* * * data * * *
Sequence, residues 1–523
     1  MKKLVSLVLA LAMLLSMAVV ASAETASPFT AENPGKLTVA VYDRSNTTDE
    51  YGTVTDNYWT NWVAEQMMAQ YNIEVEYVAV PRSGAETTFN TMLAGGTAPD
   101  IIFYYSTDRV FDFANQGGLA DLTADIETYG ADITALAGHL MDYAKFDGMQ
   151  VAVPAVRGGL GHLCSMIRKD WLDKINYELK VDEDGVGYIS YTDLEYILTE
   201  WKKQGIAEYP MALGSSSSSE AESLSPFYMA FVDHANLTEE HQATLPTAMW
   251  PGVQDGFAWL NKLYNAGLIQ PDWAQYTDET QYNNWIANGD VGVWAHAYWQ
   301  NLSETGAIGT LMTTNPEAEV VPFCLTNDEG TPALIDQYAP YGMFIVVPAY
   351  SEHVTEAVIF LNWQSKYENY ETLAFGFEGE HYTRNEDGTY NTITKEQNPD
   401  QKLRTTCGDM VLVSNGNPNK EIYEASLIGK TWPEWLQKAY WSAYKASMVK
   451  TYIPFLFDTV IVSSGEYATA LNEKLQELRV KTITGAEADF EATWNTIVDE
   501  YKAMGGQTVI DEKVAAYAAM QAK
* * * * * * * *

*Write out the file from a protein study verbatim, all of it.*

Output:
Sequence, residues 1–523
     1  MKKLVSLVLA LAMLLSMAVV ASAETASPFT AENPGKLTVA VYDRSNTTDE
    51  YGTVTDNYWT NWVAEQMMAQ YNIEVEYVAV PRSGAETTFN TMLAGGTAPD
   101  IIFYYSTDRV FDFANQGGLA DLTADIETYG ADITALAGHL MDYAKFDGMQ
   151  VAVPAVRGGL GHLCSMIRKD WLDKINYELK VDEDGVGYIS YTDLEYILTE
   201  WKKQGIAEYP MALGSSSSSE AESLSPFYMA FVDHANLTEE HQATLPTAMW
   251  PGVQDGFAWL NKLYNAGLIQ PDWAQYTDET QYNNWIANGD VGVWAHAYWQ
   301  NLSETGAIGT LMTTNPEAEV VPFCLTNDEG TPALIDQYAP YGMFIVVPAY
   351  SEHVTEAVIF LNWQSKYENY ETLAFGFEGE HYTRNEDGTY NTITKEQNPD
   401  QKLRTTCGDM VLVSNGNPNK EIYEASLIGK TWPEWLQKAY WSAYKASMVK
   451  TYIPFLFDTV IVSSGEYATA LNEKLQELRV KTITGAEADF EATWNTIVDE
   501  YKAMGGQTVI DEKVAAYAAM QAK